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An American Prayer: The battle for democracy

Covid-19

Maverick Citizen: Tuesday editorial

An American Prayer: The battle for democracy

A protester gestures with the the White House and Washington Monument seen behind during a Black Lives Matter (BLM) march and protest in Washington DC, USA, 24 June 2020. The death of George Floyd while in Minneapolis police custody on 25 May has sparked global protests demanding justice and racial equality. (Photo: EPA-EFE/MICHAEL REYNOLDS)

‘More important than Biden or Trump, this election is about whether we retain American democracy’ – Senator Bernie Sanders, October 31, 2020.

3 November, 2020: US election day. Today the world sits on tenterhooks. The stakes could not be higher.

In many ways the future of human civilization is on the line in this election. This is not because the US is the sole embodiment of either civilization or democracy, far from it. There are many other countries whose democracy is also under threat. Yet, because of its power and influence, what happens in the US will have an influence on all of us.

Yes, the US’s economic power is on the wane, particularly in the face of China’s rise to power. So, too, is its political influence after four years of Donald Trump as the president. Nevertheless, a rogue US under the rule of a nationalist white minority is no laughing matter. It still has enough economic, military and political power to be an impediment to addressing the issues the world needs to act on most urgently: the most important being the gathering climate change storm and all that it portends for the future of humanity.

If Trump is re-elected, he will pose a danger to humanity on many fronts, but none more so than his ability to continue to disrupt and distract the world from united and universal action on the climate crisis. 

Ever since the 2015 Paris Agreement, states have been fiddling while the planet burns – or, rather, as the arctic ice melts. Just as with Covid-19, Trump’s antics, rather than the climate crisis, becomes the focus of attention.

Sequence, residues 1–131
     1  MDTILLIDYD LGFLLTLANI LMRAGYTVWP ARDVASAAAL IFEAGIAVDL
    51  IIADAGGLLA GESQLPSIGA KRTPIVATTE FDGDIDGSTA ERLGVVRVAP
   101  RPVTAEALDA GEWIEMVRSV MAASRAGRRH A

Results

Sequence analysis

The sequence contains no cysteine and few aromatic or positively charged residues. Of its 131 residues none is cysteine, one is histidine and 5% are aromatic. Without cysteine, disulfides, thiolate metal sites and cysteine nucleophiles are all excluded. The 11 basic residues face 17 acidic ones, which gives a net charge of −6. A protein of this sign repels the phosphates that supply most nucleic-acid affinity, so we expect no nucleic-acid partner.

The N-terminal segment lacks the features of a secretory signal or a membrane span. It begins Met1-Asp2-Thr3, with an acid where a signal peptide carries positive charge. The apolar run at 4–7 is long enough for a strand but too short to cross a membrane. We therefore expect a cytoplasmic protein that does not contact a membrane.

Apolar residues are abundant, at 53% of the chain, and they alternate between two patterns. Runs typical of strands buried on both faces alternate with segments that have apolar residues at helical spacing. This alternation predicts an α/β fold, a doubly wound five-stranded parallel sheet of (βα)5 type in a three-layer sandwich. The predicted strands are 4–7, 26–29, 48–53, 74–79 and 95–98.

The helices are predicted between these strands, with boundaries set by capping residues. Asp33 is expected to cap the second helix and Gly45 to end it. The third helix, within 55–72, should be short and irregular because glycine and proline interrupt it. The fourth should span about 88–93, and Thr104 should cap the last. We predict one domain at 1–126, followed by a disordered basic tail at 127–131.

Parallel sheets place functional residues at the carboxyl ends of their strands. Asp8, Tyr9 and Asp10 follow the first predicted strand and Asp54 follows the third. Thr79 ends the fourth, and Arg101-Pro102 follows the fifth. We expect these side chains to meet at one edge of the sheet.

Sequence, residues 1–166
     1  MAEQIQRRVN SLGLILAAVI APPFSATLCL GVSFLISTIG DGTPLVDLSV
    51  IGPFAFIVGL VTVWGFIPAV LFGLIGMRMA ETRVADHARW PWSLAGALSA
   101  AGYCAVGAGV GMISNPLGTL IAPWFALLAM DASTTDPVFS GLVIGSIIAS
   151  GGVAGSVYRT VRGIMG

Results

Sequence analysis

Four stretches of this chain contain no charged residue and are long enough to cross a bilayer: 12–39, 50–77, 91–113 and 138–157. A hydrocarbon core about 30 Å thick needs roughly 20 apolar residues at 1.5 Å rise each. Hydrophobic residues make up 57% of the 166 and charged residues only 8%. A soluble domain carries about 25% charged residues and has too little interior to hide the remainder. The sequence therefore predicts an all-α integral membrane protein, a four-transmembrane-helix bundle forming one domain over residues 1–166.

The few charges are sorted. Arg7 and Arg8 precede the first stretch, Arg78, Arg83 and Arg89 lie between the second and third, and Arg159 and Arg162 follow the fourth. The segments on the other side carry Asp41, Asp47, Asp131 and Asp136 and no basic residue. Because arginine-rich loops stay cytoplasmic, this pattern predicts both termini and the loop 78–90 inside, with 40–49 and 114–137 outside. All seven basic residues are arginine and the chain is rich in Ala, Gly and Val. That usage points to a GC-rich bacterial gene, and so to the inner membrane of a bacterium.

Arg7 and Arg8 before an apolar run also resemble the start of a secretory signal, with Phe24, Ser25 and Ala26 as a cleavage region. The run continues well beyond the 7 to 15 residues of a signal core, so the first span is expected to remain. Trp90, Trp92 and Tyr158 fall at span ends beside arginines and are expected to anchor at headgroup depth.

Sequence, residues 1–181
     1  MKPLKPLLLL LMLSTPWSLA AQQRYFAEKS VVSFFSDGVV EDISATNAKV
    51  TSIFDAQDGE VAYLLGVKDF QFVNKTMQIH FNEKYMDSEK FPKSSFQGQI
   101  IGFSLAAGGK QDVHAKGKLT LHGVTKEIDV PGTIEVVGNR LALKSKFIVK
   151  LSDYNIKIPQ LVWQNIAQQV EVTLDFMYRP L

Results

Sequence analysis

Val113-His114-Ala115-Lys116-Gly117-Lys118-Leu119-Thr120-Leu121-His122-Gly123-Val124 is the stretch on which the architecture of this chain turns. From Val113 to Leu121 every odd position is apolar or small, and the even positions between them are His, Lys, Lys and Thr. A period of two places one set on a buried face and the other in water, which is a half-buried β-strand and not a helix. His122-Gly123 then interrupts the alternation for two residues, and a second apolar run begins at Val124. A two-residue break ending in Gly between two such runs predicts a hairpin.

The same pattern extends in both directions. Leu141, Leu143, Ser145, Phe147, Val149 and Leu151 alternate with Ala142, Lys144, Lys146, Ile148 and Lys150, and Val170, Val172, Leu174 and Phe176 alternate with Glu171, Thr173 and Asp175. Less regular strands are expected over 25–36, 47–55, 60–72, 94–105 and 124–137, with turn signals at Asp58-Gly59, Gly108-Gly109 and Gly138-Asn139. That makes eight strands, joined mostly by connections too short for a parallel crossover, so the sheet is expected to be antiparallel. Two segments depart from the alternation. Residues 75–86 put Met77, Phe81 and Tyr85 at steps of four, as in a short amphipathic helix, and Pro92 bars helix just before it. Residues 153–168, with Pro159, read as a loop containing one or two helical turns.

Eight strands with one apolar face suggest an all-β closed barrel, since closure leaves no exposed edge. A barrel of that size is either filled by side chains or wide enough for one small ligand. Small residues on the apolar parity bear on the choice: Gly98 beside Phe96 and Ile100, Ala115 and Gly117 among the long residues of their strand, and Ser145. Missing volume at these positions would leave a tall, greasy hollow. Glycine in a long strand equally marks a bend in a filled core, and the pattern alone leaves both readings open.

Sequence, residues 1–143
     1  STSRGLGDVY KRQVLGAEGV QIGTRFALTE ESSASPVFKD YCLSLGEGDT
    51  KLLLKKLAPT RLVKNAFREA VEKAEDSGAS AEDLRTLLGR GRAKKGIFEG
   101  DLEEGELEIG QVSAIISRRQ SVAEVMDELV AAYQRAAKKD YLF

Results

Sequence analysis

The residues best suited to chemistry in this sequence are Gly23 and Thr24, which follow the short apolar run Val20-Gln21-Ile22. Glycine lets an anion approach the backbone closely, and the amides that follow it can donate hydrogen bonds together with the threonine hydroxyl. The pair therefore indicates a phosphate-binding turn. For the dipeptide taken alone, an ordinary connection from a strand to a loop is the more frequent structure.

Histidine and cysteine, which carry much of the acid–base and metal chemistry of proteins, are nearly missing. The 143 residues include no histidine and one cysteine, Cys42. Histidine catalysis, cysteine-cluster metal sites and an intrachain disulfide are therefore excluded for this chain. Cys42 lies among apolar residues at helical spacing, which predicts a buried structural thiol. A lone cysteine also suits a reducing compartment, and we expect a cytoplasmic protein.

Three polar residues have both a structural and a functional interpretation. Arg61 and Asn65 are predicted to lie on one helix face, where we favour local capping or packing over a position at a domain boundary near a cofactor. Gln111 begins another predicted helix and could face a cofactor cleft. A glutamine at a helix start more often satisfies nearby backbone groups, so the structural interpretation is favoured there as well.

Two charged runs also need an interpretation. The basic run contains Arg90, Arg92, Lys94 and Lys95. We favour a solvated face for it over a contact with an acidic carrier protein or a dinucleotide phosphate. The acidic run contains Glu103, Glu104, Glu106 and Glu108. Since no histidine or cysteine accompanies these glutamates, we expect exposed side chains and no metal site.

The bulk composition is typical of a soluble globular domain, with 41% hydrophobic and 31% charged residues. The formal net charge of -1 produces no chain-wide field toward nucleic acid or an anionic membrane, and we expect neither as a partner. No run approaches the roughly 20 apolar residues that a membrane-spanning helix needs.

Time is running out.

Trump doesn’t give a fig about climate change. He’s the last line of political defence for his friends in the fossil-fuel industry. He also knows that as a hostile climate exacts its toll on the “shit-holes” of the world he and his ilk will be able to find a way to verdant, green valleys where water and food is plentiful, and where the temperature will be pleasant and embracing. 

Trump will happily leave the rest of us to our fate on a warming planet. Furthermore, as has been pointed out by UN experts, the social and economic disruption caused by the climate crisis will deepen polarisation, division and dictatorship all over the world (not just in the US). That is why it is not an exaggeration to say that, at this moment, the future of civilisation is connected to American democracy.

So what can we do?

This morning the polls continue to point to a Biden/Harris victory. There seems little doubt that the Democratic Party will carry a majority of the US electorate. Yet, because of dark money and dark politics, we cannot predict the outcome of the election. Because of its arcane electoral college, a majority of popular votes may not be enough. 

Trump may not have had the support of Vladimir Putin this time (at least as far as we know) but his campaign has tried every other trick in the book: what is politely called “voter suppression” (changing boundaries, moving ballot boxes, disqualifying voters, etc.) is nothing more than cheating and electoral rigging.